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Published
Dec 9, 2021
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Dr Martens treads boldly with record sales in H1, strength continues into H2

Published
Dec 9, 2021

Dr Martens turned in another set of powerful results on Thursday with the footwear specialist reporting revenues up in double-digits to reach record levels. It also said footfall is improving and while still below pre-Covid levels, “conversion is higher”.


Dr Martens


The company said the momentum seen in retail in the first half continued to strengthen at the start of H2 during October and November. E-commerce trading trends “remain positive and in line with the first-half performance”. 

Looking at the first half, revenue in the six months to the end of September rose 16% — or 24% in constant currency (CC) — to £369.9 million. EBITDA was up 3% (17% CC) to £88.8 million and pre-tax profit surged 46% to £61.3 million. Profit after tax rose an even bigger 65% to £48.6 million.

It was helped by the direct-to-consumer mix rising 6pts to 40% (that drove the gross margin up 2.8pts to 61.3%) and by retail recovering strongly. Retail revenue was up 92% and made up 18% of the total mix (a 7pts rise). It was also up 2% on a two-year comparison.

E-commerce revenue continued to grow in double-digits, up 10% on the year and a massive 117% against two years ago.

Wholesales revenue rose a less impressive 6% (or 13% CC), but around £20 million of it was delayed from Q2 into the second half, predominantly in relation to the Americas.

And talking of the Americas, the company said the growth there was very strong at 40% (or 57% CC), and EMEA was up 5% and 12% CC. At the start of the period in EMEA, it took Italy and Iberia back under direct control and “we are very pleased with their performance to date”.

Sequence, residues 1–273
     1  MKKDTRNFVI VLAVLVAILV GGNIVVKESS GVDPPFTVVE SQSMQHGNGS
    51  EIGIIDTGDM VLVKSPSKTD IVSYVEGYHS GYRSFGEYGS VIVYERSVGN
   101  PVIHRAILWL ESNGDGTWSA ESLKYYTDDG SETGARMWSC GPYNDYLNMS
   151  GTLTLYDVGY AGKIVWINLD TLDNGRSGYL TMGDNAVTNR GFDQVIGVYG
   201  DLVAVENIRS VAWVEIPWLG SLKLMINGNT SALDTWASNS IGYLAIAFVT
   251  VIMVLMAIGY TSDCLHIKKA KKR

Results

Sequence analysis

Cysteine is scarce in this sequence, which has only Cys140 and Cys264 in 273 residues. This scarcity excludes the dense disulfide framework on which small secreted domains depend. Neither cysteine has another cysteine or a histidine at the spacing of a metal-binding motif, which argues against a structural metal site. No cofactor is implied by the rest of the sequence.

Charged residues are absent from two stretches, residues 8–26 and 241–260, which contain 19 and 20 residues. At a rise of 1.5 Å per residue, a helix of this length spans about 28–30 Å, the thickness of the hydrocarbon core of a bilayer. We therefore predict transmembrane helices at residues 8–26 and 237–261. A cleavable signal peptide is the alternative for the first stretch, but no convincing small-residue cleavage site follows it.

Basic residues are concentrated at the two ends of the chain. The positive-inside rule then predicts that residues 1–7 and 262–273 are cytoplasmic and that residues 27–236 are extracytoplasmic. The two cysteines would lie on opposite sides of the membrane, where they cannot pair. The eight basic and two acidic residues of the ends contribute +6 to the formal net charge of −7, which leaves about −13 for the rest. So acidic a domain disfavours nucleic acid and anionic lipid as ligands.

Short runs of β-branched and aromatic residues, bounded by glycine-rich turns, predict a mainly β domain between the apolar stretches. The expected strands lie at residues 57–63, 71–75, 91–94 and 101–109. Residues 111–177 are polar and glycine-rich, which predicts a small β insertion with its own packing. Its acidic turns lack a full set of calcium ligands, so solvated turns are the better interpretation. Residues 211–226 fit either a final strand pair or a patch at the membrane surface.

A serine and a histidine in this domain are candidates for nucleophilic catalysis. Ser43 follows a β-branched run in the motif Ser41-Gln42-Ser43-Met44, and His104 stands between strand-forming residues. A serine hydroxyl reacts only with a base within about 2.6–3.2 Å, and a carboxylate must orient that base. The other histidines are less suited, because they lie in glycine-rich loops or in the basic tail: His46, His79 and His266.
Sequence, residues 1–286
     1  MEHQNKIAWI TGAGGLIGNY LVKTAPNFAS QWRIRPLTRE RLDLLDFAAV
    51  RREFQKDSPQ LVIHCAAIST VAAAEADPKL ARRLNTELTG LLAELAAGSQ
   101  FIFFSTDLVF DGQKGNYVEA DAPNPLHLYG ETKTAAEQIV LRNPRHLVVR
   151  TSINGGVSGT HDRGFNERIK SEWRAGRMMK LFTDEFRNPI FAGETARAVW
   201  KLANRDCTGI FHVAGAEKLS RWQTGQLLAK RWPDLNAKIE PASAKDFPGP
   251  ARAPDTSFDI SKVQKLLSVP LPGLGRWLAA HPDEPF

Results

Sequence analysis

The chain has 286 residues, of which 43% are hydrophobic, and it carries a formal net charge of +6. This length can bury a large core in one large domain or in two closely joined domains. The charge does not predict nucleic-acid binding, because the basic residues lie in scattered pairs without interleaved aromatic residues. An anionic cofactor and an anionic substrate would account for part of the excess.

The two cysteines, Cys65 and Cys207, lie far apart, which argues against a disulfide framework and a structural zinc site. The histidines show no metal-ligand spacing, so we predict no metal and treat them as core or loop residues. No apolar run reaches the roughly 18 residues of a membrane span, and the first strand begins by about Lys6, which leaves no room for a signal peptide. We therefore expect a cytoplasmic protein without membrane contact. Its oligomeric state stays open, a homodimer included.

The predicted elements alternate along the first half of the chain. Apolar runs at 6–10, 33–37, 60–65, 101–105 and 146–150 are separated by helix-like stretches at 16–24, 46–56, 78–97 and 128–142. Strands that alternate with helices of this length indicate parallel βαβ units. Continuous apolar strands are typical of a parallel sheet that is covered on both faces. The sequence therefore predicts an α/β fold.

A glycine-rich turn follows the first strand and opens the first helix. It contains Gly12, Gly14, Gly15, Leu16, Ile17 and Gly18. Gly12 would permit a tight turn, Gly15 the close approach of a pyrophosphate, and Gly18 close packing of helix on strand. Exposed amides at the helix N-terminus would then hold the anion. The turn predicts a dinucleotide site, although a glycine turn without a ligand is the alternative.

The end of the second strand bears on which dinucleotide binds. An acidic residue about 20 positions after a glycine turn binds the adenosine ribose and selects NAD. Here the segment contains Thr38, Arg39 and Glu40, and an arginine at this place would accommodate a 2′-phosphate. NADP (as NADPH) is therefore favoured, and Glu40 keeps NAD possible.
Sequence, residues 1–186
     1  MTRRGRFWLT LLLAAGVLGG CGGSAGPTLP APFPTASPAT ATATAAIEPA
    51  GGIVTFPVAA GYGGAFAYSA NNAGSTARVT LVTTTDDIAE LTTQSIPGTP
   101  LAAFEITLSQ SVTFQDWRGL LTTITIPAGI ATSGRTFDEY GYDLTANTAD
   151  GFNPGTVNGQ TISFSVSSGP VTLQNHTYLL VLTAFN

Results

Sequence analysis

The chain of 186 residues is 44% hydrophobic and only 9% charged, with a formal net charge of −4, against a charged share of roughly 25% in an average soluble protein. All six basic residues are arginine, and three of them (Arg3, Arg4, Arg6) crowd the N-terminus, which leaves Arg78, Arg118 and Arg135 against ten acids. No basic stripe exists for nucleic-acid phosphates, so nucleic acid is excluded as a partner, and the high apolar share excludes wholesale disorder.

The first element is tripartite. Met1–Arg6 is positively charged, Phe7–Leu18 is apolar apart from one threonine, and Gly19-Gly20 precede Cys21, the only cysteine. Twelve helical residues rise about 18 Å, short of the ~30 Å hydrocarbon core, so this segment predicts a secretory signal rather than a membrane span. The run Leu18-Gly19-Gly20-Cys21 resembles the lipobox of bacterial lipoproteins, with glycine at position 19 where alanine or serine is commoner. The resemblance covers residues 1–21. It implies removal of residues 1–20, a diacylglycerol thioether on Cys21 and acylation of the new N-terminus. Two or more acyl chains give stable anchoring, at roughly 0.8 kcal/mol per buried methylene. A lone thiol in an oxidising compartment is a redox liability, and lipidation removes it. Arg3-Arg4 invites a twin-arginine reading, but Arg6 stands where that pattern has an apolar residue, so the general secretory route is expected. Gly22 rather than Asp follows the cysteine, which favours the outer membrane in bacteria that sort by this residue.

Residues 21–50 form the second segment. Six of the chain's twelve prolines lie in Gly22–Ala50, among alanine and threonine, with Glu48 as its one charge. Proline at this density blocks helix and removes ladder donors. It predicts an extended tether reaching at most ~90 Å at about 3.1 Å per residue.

But while APAC rose 4% CC, it was down 2% on a reported basis as Covid-19 restrictions continued to impact this region. Yet longer term, the company said that “APAC, particularly Japan and China, remain a significant growth opportunity for us”.


Dr Martens


Dr Martens opened 13 own stores during the six months, including four in Germany, its first in Spain (Barcelona), three in the US, and one in APAC. Since the period ended it has opened its second store in Italy.

The biggest operational challenge during the half was the closure, due to Covid-19, of three of its third-party factories in South Vietnam, for around three months (hitting 33% of production capacity) plus difficulties in booking containers and ships.

But last year it had maintained purchasing volumes from factories, as it anticipated “it would be prudent to build inventory levels”. This decision “proved very valuable, as it then enabled us to cover much of the supply shortfall from factory closures and shipping delays”.

PRODUCT: LEGACY AND NEWNESS

On the product front, the company focused on “continuity” product that represents 84% of its revenue. But it also added newness with collabs with labels Supreme, Bodega, Clot and A-Cold-Wall. Its sandals business continued to grow strongly, with revenues up 45%, with the Voss and Blaire performing particularly strongly. 

During the half it launched a new sole construction, Quad Neoteric, which first launched with the Heaven by Marc Jacobs collab before being rolled out further. Its new casual innovation, Tarian, “designed to appeal to the sneaker-wearing male”, was rolled out with the Tarik utility boot. Again it used collaborations, with Yohji Yamamoto and Atmos, to first introduce the range.


Dr Martens


Over the summer it carried out a detailed study across all seven priority markets “to assess brand strength and consumer pricing perception”. As a result of this study, it will be increasing price in Americas and EMEA from AW22 in line with inflation, “maintaining current pricing architecture and we anticipate no impact on demand”.

It’s sticking by its guidance for FY22 and “from FY23 and over the medium-term we continue to anticipate mid-teens revenue growth and are targeting e-commerce to grow to at least 40% mix, with total DTC, including retail, to at least 60% mix, together with a medium-term target of a 30% EBITDA margin”.

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